2018 Week 5: Healthcare and Health Policy

picture of Reah Vasilakopoulos CIIPREAH VASILAKOPOULOS | BALTIMORE HARM REDUCTION COALITION

“Opioid overdose crisis: Both common and personal” is Slide 5 of BHRC’s opioid overdose response training. Here, I always stop to recognize for our audience how common and personal overdose can be. It can be painful to revisit or discuss such a sensitive topic, and we emphasize everyone taking care of themselves throughout our presentation.

Losing loved ones to overdose is an intimate thing to share with just anyone. Over the course of the last few weeks, I have been surprised and humbled by the openness of many Baltimore residents I’ve met and their willingness to share their personal stories relating to overdose. Many of these personal stories are shared in support of safer consumption spaces (SCS).

An SCS, also known as an overdose prevention site, is a space where people can bring in drugs they’re wishing to use and do so under medical supervision. There are 100+ SCS around the world, in 66 cities, and no one has ever died in any one of them. This is a safe place away from police where people can be brought back from overdose or receive other medical attention, get connected to support services or other resources, and ride out their high comfortably.

As part of my weekly responsibilities, I am helping to staff a mock SCS, organized by the BRIDGES Coalition, every Thursday and facilitate naloxone trainings. This week, I met a man who had lost 15 friends, including his girlfriend, to overdose in the past year. He wanted more naloxone and spoke to me for a long time about how supervised consumption could have saved his girlfriend’s life. I met another man who is known in his community as Mr. Wake Up: he received his title from how frequently he brings people back from opioid overdose with naloxone.

In meeting these two men, as well as many other residents, I can see that so much of the grassroots support we’re looking to build for SCS is already there. Many residents spoke as though their support was obvious, their stories all connecting to the larger theme of lost lives.

They also spoke often about wanting to heal from these traumatic experiences and prevent future ones.

Going into this project, I knew that if we had an SCS in Baltimore, so many lives could be saved. I knew an SCS would act as a statement of compassion for people who use drugs. I’ve come to realize how an SCS could bring not only newfound safety for people who use drugs, but also healing for those who have lost loved ones to overdose. The community support I’ve learned about isn’t about just benefiting individuals, but also the community at large, present and future.

Self-care is important, but so is community care.

 

picture of James Yu CIIPJAMES YU | KESWICK MULTICARE CENTER

The work I did this week has been a culmination of everything I have learned over the past few weeks. I never thought I would learn and experience so much in such a short period of time. The social workers under whom I work entrust me with processing new admissions, doing cognitive and mood assessments, ordering and verifying durable medical equipment, and notifying patients of their insurance coverage and discharge dates. I had sat in on care plan meetings but had never directed them. I had to cover for one of the social worker’s care plans on Tuesday. All I could do was play it by ear and rely on what I had observed. Thankfully everything ran smoothly and I fielded all of the patients’ and families’ questions rather well. On Friday, the two social workers who I usually work with and from whom I take directions were not at work. I had to be comfortable running independently and dealing with any issues that came up. There were also an uncharacteristic amount of new admissions that I had to run through almost entirely on my own. While the day was busy, I definitely found my rhythm and leaned into the pressure rather than back away from it. It made me realize I was capable of a lot more than I initially expected. On Monday I was introduced to the long term care units at Keswick this week so that I could get a taste of the planning that goes into caring for those who can no longer care for themselves and whose families cannot provide the level of support needed to sustain them.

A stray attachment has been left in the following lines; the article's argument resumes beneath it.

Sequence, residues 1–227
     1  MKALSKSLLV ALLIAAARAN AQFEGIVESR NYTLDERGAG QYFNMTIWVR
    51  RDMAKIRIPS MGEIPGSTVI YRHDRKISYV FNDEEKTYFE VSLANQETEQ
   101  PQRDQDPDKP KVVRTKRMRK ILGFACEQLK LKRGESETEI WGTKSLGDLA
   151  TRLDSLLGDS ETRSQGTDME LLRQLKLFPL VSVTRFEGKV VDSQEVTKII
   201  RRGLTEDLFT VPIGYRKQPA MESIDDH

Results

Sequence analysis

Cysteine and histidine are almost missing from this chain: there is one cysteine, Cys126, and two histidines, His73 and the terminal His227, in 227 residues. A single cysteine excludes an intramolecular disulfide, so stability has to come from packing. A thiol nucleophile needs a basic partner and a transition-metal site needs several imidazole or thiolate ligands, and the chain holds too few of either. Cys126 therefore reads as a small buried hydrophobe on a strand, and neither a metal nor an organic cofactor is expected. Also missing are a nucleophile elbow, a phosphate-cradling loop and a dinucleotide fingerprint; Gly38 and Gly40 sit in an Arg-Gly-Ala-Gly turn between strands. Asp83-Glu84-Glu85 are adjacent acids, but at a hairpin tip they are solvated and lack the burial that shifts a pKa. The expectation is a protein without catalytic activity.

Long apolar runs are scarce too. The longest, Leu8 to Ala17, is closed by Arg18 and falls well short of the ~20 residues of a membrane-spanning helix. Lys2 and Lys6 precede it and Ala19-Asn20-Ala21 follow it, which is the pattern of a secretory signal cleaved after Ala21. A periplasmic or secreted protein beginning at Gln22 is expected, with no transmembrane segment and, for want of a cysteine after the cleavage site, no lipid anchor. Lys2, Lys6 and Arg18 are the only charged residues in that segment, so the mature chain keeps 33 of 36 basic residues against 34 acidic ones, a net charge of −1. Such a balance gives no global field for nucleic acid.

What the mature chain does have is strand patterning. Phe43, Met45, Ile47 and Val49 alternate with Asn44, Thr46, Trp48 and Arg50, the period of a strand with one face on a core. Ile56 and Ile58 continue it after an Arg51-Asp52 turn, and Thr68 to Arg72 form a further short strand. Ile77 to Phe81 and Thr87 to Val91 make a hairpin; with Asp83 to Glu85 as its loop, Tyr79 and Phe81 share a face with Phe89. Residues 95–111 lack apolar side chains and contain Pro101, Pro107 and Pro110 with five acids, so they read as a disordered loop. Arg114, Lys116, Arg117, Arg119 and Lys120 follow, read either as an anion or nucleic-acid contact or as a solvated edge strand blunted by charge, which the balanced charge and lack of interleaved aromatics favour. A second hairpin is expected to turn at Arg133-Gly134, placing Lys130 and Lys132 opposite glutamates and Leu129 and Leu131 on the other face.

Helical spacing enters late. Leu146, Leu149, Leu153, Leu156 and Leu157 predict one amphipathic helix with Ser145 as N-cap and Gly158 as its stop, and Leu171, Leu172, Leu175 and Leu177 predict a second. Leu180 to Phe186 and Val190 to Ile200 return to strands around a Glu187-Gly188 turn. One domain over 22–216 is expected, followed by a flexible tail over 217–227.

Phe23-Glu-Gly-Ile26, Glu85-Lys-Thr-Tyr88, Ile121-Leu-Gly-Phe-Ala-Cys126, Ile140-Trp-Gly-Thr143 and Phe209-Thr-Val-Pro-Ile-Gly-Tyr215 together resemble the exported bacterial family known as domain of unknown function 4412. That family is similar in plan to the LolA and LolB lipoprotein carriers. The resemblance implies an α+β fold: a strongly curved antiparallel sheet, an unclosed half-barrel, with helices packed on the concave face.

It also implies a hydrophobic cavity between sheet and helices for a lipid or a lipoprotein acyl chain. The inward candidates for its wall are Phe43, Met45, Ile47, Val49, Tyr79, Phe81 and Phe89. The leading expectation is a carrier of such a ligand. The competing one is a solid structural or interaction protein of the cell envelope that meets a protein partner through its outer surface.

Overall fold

It is well known that assisted living is not the most glamorous lifestyle, especially since the residents are almost entirely dependent on nurses and geriatric nursing assistants 24/7. The staff does the best they can to ensure each resident is happy and healthy but the harsh reality is that while many residents receive the physical support they need, a lot of emotional needs are not met. Many sit alone in their rooms watching television most of the day. They will eat together in the dining area and attend events like bingo but other than that they rarely have anyone to talk to or to listen to. The lucky ones have family who will visit every once in a while, but that is often not for very long and the family is preoccupied with communicating with the staff. I had the opportunity to talk to some of the residents and quite honestly it seemed that having even the slightest human interaction made them perk up, brighten up, and become more responsive to their surroundings. Their state of being seems to be reliant on the initiative of the staff and those o more able body and mind to give them stimulation. I never realized how lonely you could feel in a crowded, bustling nursing home until this week.

I wish I could change this over the next few weeks but it will certainly take a lot of effort to chip away at the existing culture. I would hope that Keswick could bring in volunteers who devote their time simply to talking to residents and giving a chance to socialize and interact with others. This could be something that I take charge of and then present a plan to the staff to make it a reality. I have found a way to make an impact and I will not let it slide.

 

picture of Christina Ambrosino CIIPCHRISTINA AMBROSINO | CHARM CITY CARE CONNECTION

SAVE THE DATE! On the 21st of July, there will be a Community Health Fair at 29th Street Community Center. Bentley, the intern at the 29th Street Community Center, and I have been working on planning this event for over a month now and it’s finally starting to come together! We’ve received over $450 in funding and have been starting to spread the word over social media and around businesses in the area. Approaching local businesses for donations to the fair and allow us to advertise our fair in their building seemed like an uncomfortable, daunting task. Bentley and I were so surprised at the responses we got—so many people went out of their ways to find spaces for the flyers, take our information down to later present to their managers, and even to hand us cash from the register. Only one business (a liquor store) refused to accept flyers at their location. “Now that’s more like what I’d expected this flyering would be like,” Bentley said as we exited the store. The kindness of so many people that hot Wednesday afternoon was truly noteworthy. I can’t wait to go out again this Wednesday to follow-up with some of the businesses and to continue to spread the word. We did have a recent realization, however, that puts a bit of a dark cloud on the whole endeavor. We should have done more research on the timing of this event, because we had accidentally chosen to hold the fair on the same weekend as ArtScape. It’s too late to change the date, so we’re going to make it work! Maybe we’ll attend ArtScape in the morning to pass out flyers and spread the word about the Health Fair. Bentley and I are still taking any suggestions about how to approach this overlap of events, so please reach out to us if you have any words of wisdom!